Title:
Portable ultrasonic device and method for diagnosis of dental caries
Kind Code:
A1


Abstract:
Provided is an apparatus and method for the detection of dental caries. The apparatus generates longitudinal ultrasound waves that may be applied to any accessible surface of a tooth. The reflected ultrasound pulse echoes are collected and correlated with the incident pulse. The ultrasound pulse echoes from the front and rear surface of a dental cavity may be distinguished from other echoes, and provided in visual display to inform as to the size and location of the cavity.



Inventors:
Lin, Wei (Port Jefferson, NY, US)
Wolff, Mark S. (Setauket, NY, US)
Dhundale, Anilkumar R. (Stony Brook, NY, US)
Application Number:
11/374737
Publication Date:
10/11/2007
Filing Date:
03/14/2006
Assignee:
The Research Foundation of State University of New York (Albany, NY, US)
Primary Class:
International Classes:
A61B8/00
View Patent Images:
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Primary Examiner:
GUPTA, VANI
Attorney, Agent or Firm:
THE FARRELL LAW FIRM, P.C. (290 Broadhollow Road Suite 210E, Melville, NY, 11747, US)
Claims:
We claim:

1. A method for detecting dental caries in a tooth, comprising the steps of: generating an electric pulse; transmitting the electric pulse through a switch to a transducer; converting the electric pulse to an ultrasound pulse in the transducer; applying the ultrasound pulse to an exterior tooth surface; converting ultrasound pulse echoes from surfaces and internal structure interfaces in the tooth to electric pulses in the transducer; switching the switch to receive the electric pulses from the transducer; collecting and amplifying the received electric pulses in the ultrasound receiver; correlating the ultrasound pulse echoes with the applied ultrasound pulse; and determining the location and size of a dental cavity based on the correlation results.

2. The method for detecting dental caries as claimed in claim 1, wherein the ultrasound pulse generated in the transducer is a longitudinal wave.

3. The method for detecting dental caries as claimed in claim 2, wherein the ultrasound pulses generated in the transducer are at a frequency in the 1 MHz to 20 MHz range.

4. The method for detecting dental caries as claimed in claim 3, wherein the ultrasound pulses generated in the transducer are at a preferred frequency of 10 MHz.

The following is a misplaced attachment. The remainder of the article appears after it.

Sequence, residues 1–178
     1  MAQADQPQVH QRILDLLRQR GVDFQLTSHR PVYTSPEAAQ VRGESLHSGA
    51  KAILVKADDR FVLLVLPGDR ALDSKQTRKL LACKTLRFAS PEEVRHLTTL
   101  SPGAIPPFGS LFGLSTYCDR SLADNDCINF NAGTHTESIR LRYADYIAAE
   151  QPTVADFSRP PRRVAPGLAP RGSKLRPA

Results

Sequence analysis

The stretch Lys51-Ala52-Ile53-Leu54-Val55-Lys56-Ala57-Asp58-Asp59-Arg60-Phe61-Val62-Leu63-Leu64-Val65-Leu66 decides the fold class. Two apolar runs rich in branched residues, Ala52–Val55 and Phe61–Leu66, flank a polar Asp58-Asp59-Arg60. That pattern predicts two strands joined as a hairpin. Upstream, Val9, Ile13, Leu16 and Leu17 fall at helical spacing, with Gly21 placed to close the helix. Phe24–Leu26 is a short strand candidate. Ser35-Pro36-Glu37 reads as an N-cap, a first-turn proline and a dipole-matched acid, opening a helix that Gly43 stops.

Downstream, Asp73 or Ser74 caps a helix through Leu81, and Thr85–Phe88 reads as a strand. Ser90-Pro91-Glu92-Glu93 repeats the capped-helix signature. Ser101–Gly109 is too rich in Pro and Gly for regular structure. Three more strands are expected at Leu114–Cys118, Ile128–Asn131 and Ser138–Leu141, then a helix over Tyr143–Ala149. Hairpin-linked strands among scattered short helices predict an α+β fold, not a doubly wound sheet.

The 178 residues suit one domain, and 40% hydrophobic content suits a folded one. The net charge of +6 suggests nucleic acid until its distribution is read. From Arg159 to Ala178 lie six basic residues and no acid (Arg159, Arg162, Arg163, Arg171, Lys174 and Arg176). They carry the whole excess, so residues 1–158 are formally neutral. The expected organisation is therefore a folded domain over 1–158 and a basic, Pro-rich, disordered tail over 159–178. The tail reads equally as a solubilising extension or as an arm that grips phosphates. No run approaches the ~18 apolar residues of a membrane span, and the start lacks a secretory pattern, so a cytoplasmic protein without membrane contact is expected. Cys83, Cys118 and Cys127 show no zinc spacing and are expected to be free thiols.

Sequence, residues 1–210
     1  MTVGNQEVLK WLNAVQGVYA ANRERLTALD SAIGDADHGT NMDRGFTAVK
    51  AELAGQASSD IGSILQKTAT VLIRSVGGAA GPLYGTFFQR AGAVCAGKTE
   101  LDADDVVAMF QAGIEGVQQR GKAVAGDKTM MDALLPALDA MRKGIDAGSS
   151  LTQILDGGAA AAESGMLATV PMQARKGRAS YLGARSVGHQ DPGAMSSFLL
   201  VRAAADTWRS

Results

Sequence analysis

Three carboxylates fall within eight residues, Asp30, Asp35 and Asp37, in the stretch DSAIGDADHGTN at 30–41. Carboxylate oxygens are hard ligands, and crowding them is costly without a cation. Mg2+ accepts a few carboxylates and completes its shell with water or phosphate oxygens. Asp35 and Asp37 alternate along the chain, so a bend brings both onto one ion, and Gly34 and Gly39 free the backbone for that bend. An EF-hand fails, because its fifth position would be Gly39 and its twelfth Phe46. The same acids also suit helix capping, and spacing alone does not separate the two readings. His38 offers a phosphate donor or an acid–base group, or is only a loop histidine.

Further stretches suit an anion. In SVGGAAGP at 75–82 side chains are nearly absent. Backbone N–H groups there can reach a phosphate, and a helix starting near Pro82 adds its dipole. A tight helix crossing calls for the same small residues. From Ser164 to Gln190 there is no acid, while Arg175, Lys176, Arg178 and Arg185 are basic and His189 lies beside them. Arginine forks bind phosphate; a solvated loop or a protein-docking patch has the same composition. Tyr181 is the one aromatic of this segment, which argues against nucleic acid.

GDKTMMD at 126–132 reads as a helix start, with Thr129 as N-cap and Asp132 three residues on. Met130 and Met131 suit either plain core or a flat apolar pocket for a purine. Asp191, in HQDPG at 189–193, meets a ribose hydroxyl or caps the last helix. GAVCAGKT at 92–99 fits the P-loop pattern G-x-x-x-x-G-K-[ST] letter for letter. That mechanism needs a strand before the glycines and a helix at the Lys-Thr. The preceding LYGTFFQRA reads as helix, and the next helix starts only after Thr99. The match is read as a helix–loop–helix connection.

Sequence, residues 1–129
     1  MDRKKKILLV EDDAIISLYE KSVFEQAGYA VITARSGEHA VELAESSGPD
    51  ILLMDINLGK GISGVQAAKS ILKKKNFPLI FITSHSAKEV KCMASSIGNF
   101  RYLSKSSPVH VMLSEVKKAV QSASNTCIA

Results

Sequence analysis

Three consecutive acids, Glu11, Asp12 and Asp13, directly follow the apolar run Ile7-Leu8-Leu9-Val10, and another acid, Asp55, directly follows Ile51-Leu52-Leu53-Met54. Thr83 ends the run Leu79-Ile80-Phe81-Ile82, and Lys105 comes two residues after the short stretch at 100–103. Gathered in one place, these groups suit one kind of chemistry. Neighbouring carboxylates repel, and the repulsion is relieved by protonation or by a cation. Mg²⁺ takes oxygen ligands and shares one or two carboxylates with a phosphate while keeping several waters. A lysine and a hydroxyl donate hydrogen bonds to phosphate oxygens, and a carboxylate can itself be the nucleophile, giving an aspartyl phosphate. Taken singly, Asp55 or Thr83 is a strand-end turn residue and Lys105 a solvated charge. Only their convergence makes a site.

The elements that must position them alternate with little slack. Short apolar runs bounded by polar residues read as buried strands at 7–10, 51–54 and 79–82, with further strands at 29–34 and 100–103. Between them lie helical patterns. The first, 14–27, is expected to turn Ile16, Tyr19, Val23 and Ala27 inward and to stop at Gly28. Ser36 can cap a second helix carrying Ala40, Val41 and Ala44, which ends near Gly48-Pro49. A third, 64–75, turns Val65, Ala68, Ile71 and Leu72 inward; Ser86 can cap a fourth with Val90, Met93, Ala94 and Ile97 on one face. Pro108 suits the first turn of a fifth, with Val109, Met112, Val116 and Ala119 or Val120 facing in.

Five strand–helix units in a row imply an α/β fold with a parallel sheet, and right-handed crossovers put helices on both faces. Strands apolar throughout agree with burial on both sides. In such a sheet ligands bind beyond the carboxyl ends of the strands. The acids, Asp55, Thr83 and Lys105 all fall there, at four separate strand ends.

5. The method for detecting dental caries as claimed in claim 3, wherein the ultrasound pulses generated in the transducer are modulated pulses.

6. The method for detecting dental caries as claimed in claim 4, wherein the ultrasound pulses generated in the transducer are modulated pulses.

7. The method for detecting dental caries as claimed in claim 5, wherein the ultrasound pulses generated in the transducer are modulated sinusoidal pulses.

8. The method for detecting dental caries as claimed in claim 6, wherein the ultrasound pulses generated in the transducer are modulated sinusoidal pulses.

9. The method for detecting dental caries as claimed in claim 1, wherein applying the ultrasound pulse to the tooth by the transducer includes positioning the transducer on at least one of the occlussal and side surfaces of the tooth.

10. The method for detecting dental caries as claimed in claim 1, wherein applying the ultrasound pulse to the exterior tooth surface includes: activating individual elements of a two-dimensional transducer array with N×N elements using the switch controlled by the controller.

11. The method for detecting dental caries as claimed in claim 1, wherein applying the ultrasound pulse to an exterior surface of the tooth includes: mounting a single element transducer on a micro mechanical device; positioning the single element transducer at desired locations on the exterior surface of the tooth using the micro mechanical device; and activating the transducer using the switch controlled by the controller.

12. The method for detecting dental caries as claimed in claim 1, wherein the gain of the receiver is programmed to compensate for ultrasound energy attenuation in the tooth according to a time delay experienced in receiving the ultrasound pulse echo.

13. The method for detecting dental caries as claimed in claim 1, wherein correlating the ultrasound pulse echoes with the transmitted ultrasound pulse includes using cross correlating techniques.

14. The method for detecting a dental caries as claimed in claim 13, wherein the cross correlating technique includes a phase loop locking technique performed by the echo detection unit.

15. The method for detecting dental caries as claimed in claim 12, wherein cross-correlating techniques are used to determine a first received ultrasound pulse echo representing a front surface of the cavity and a second received ultrasound pulse echo representing the back surface of the cavity.